A genuine letter to the editor of the San Antonio (Texas) Express-News, after a story about water-conserving toilets promoted by the San Antonio Water System (SAWS):
"Being a good citizen, as soon as I heard there was such a thing as a
low flow toilet I went to Builder's Square and bought two new ones made
by American Standard. This was way before SAWS got involved and started
paying incentives to do so. This was also a big mistake. These things
averaged three to five flushes. Obviously they didn't save water.
After my doctor advised me to use Metamucil the problem worsened. Then
the solids had so much fiber in them they floated and it was nearly
impossible to empty the bowl. The average number of flushes went up to
from five to seven flushes and, on one occasion I counted 11 flushes
before the bowl was emptied. Now I've had to replace them again. This
time I replaced them one at a time, the first one being a Crane. It
works a lot better. Then my plumber advised me to buy a Pro Flow and it
works even better than the Crane. The dumb thing is even though the Pro
Flow will almost suck the curtains off the wall, it is not on the SAWS
list of approved toilets. Go figure."
The Burned-Out Newspapercreatures Guild's World-Famous Encyclical
and News Gorilla
For February 25, 2003. Extra! Extra! Nice move, Mr. Fang, shutting off the phones and computers before sacking the staff. But wow, if anyone ever felt like the fifth wheel, the 13th egg or an extra newspaper, it's the new throwaway rag the San Francisco Examiner, says the Burned-Out Newspapercreatures Guild, and this is BONG Bull No. 614!
INTRODUCING BONG Bull, the Blog, and its name is News Gorilla.
The News Gorilla store now offers colorful if enigmatic posters of our mascot, as well as Captain Gorilla's News Cadets lunchboxes (be the envy of the lunchroom if not perennial wedgie target of the J-school).
SO MUCH FOR THE PEN VS. THE SWORD. You badmouth the mayor, you lose your fellowship. Newsday says Bloomberg L.P. has cut support for a business journalism program at New York University because a prof got mouthy about Bloomberg News logos all over the stage at a city hall press conference.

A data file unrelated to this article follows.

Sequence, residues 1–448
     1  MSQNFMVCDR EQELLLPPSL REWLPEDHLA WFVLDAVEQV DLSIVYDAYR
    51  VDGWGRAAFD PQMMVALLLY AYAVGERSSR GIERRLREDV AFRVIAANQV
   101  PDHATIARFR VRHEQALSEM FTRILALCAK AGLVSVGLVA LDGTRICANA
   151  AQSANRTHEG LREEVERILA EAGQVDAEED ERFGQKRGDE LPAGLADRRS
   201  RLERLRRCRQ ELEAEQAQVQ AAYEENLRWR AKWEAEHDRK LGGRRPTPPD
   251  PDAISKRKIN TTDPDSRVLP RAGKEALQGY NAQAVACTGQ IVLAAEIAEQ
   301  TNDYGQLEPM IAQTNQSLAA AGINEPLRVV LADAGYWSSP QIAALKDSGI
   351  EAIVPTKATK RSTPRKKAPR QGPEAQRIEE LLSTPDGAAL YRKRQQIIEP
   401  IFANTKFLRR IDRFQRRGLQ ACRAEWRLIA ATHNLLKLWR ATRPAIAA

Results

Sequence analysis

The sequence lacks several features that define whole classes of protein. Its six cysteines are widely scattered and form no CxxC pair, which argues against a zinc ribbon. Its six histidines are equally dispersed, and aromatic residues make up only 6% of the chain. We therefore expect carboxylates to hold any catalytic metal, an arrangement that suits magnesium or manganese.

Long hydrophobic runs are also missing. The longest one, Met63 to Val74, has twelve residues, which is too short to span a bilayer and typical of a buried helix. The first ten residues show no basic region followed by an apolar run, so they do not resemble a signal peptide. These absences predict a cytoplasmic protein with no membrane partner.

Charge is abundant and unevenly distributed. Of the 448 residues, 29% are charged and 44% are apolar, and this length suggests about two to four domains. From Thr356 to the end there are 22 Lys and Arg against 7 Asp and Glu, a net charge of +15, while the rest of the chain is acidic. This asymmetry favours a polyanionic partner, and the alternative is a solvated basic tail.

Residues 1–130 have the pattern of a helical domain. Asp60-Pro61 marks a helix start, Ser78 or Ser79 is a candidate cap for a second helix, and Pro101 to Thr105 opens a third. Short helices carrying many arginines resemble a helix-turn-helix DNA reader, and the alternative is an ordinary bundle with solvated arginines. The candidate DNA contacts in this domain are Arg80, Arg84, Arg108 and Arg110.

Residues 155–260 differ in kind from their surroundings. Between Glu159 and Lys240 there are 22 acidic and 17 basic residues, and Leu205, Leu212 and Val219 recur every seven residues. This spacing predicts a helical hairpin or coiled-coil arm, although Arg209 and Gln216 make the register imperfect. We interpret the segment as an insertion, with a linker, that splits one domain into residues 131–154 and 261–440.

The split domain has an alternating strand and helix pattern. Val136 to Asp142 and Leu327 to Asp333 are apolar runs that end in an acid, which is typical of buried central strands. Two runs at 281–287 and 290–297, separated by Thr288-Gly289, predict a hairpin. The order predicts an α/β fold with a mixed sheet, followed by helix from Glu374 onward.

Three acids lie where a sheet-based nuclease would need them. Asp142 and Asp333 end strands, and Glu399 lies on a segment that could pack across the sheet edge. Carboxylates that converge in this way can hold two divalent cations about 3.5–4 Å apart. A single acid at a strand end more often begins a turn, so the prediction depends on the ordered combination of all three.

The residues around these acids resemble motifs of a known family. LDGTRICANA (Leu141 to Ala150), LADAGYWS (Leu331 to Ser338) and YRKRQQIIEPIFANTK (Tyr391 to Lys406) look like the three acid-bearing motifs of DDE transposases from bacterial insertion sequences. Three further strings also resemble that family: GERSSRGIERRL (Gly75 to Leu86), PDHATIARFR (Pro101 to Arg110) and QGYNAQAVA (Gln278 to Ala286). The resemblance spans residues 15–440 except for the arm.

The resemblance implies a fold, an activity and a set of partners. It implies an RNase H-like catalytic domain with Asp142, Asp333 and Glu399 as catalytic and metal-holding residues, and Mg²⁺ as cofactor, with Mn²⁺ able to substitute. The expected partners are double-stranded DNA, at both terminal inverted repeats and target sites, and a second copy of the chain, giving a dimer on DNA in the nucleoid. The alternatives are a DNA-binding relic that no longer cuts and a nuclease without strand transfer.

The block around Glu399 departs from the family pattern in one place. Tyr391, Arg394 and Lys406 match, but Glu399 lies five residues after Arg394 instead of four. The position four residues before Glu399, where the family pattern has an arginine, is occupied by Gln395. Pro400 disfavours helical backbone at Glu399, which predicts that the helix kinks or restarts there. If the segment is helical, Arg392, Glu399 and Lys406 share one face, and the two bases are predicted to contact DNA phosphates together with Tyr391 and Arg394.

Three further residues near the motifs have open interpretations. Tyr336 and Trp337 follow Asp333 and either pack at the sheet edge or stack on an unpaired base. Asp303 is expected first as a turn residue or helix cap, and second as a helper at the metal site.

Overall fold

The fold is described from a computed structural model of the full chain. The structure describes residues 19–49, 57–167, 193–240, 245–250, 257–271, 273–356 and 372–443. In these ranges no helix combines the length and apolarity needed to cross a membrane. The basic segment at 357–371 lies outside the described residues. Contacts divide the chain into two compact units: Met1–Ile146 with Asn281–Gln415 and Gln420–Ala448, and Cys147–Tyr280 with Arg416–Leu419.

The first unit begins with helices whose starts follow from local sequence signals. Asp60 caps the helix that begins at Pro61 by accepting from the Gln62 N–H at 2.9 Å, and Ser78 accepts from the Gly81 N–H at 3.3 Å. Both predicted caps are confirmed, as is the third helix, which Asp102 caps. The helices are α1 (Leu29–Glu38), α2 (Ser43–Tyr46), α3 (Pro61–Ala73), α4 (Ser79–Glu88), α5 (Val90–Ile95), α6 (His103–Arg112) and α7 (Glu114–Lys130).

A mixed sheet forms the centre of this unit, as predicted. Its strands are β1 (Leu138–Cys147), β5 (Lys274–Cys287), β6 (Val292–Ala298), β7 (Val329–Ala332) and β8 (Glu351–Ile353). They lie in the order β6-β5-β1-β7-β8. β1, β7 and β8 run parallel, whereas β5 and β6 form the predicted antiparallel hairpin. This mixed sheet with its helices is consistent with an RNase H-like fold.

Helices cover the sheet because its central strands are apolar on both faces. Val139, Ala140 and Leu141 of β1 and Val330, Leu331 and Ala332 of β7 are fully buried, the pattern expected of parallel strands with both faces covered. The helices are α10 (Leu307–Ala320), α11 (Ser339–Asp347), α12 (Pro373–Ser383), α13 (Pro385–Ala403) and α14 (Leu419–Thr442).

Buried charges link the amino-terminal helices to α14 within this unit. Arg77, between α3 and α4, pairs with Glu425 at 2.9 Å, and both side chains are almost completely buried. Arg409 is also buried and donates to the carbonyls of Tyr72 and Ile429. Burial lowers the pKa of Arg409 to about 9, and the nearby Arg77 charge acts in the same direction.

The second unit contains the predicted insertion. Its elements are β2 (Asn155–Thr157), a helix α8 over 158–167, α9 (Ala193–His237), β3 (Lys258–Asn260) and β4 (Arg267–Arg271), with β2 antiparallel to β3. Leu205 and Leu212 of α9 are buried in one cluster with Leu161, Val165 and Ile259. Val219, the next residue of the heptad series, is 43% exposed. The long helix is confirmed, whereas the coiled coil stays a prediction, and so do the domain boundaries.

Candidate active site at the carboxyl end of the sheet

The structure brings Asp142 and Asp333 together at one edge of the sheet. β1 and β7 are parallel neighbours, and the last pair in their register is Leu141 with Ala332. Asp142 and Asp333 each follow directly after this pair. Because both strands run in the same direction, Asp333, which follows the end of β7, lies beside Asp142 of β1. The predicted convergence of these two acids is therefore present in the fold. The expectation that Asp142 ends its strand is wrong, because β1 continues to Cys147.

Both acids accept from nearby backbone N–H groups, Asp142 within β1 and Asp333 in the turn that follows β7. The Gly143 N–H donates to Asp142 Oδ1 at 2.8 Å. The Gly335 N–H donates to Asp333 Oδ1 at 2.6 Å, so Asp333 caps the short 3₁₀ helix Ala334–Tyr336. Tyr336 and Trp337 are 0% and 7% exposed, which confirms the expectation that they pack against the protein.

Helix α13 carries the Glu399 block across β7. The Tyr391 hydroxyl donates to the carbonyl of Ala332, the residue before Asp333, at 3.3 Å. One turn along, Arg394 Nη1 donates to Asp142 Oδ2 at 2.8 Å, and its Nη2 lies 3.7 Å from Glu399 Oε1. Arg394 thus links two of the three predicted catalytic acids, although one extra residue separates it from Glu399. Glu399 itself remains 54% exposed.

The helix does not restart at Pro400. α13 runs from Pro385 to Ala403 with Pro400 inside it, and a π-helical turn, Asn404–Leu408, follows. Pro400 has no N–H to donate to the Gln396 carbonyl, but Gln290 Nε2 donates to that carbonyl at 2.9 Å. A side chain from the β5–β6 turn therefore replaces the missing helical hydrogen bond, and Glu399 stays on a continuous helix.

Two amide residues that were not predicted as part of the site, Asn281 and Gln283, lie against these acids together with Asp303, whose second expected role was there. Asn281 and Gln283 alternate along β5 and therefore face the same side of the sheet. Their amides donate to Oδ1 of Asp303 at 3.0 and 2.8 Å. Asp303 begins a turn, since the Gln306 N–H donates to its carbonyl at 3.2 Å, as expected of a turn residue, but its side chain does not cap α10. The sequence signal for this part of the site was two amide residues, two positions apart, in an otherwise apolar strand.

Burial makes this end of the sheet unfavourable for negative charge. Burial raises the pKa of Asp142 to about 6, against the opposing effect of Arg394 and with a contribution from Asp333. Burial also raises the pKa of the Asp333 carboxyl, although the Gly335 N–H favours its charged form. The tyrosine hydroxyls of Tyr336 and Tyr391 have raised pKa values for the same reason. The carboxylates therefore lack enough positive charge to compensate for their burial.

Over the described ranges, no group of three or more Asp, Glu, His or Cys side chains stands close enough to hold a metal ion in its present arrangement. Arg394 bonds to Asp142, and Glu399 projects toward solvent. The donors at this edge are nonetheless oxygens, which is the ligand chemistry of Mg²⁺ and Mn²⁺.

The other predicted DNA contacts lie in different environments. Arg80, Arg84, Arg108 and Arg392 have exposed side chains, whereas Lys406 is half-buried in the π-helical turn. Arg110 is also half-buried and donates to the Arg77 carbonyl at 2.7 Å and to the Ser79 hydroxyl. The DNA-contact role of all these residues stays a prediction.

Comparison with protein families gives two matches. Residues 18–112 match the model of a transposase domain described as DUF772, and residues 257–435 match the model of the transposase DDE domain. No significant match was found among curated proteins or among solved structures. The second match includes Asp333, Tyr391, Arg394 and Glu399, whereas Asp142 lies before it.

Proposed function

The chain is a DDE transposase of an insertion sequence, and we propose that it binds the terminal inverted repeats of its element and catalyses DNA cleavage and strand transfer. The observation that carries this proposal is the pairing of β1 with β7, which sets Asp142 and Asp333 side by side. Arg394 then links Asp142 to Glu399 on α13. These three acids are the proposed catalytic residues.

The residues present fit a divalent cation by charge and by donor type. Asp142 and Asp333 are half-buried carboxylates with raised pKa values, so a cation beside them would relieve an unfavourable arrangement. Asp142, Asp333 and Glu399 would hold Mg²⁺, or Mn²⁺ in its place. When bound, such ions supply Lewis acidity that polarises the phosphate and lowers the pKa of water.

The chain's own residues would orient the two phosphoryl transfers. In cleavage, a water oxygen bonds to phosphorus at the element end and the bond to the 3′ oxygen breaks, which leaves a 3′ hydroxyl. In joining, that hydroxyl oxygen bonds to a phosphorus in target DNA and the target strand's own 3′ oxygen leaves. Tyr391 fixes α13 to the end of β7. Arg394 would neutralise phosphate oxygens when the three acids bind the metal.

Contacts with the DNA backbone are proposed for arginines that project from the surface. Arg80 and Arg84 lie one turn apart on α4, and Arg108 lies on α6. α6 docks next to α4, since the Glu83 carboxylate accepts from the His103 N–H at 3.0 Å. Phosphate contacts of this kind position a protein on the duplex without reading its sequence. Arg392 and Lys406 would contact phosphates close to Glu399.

Let's make up our minds, news ethicists. First a certain Midwestern font of knowledge gets rapped for editing a soda pop can out of a photo, then the employer of many editors -- exhausted editors, to be sure, but editors -- gets spanked for a little product placement? We could live with the banners and calendars if the candidates would keep their brats off the platform, even if they're standing in front of the beer signs.
CAN'T GET HER OUT OF MY MIND. Frida Kahlo. Hear the music. Go see the movie. Try to forget how Salma Hayek says the last two words.
BONG HITS. Doug Pizzi mailto: asserts:
"Congrats on the new format. I don't know how you got my old editor's permission to use the likeness for your site, but the old wretch is gonna be pissed. Well, the old wretch was always three parts pissed anyway.
"Moving on, I have a modest proposal to celebrate BONG's longevity (I have been a faithful reader since the early days, when you never did answer my question about whether the name was made up around the acronym.). There is some great old stuff in the archives and I think you should pick an item for each edition from that massive morgue and call it, after all of the best pressmen I ever knew, 'BONG Hits.' So, whaddaya think? Great idea, huh?"
Actually it is a good idea, Doug, and unfortunately we do have most of the 14 (egad! did he say FOURTEEN?!) years of BONGdom in one or another form of archive. A minority of the Editorial Standards and Martini Recipes Committee suggests running it as if new, like writer's magazines do with that article about making millions writing poetry, and conferring prizes on those who recognize it as rehash.
BOY, FOR A PROF HE SURE ASKS A LOT OF QUESTIONS. John McClelland, who professes journalism at Roosevelt University
advises, "I may actually have to start looking at blogs now, dern ya" and enquires:
Q. -- "Will Speed and Typo become visible cartoon characters now that they'll be on a site with easy graphics?"
A. -- Dunno. For one thing, somebody has to read the HTML manual on art and it's coming on tax time. For another, there was a lot of grumbling when Don Vanderbeek drew the sweatshirt art some years ago; something about video spoiling the radio star, that sort of thing.
Q. -- "Did I share the tale of the Rose Tap, across the street from the late lamented Champaign-Urbana (Ill.) Daily Courier? From the end of Prohibition until after becoming a one-newspaper market in 1977, Champaign County, Ill., went dry at midnight Saturday. A lot of people died early Sundays on the roads to and from adjoining counties.
"The L.L. Champaign-Urbana Daily Courier had a nominal midnight press start for the main Sunday edition. Rarely on time during the week, it somehow started about 30 seconds early on Saturday night. During that half-minute, it was dangerous to be between the Courier building and the Rose Tap across Race Street. The printers and an occasional stray editor dashed in at the stroke of 12 to join some writers and a photog who were already drowning their sorrows. The barkeep barred the door to stay legal. He understood each arrival to be an order for the usual four (or six) brews, to be poured in stages and consumed before the law's 'everybody out' edict would kick in an hour or two later."
A. -- No, you never did.
HEADS YOU LOSE. William "DAMN-I'm-good!" Breyfogle" avers, "Charley, this one may be apocryphal, but Larry at the copydesk of the (Dubuque) Telegraph-Herald (the same Larry who plays on the newsroom softball team, pitching with a beer in one hand and throwing a wicked underhand with the other) swears it is true.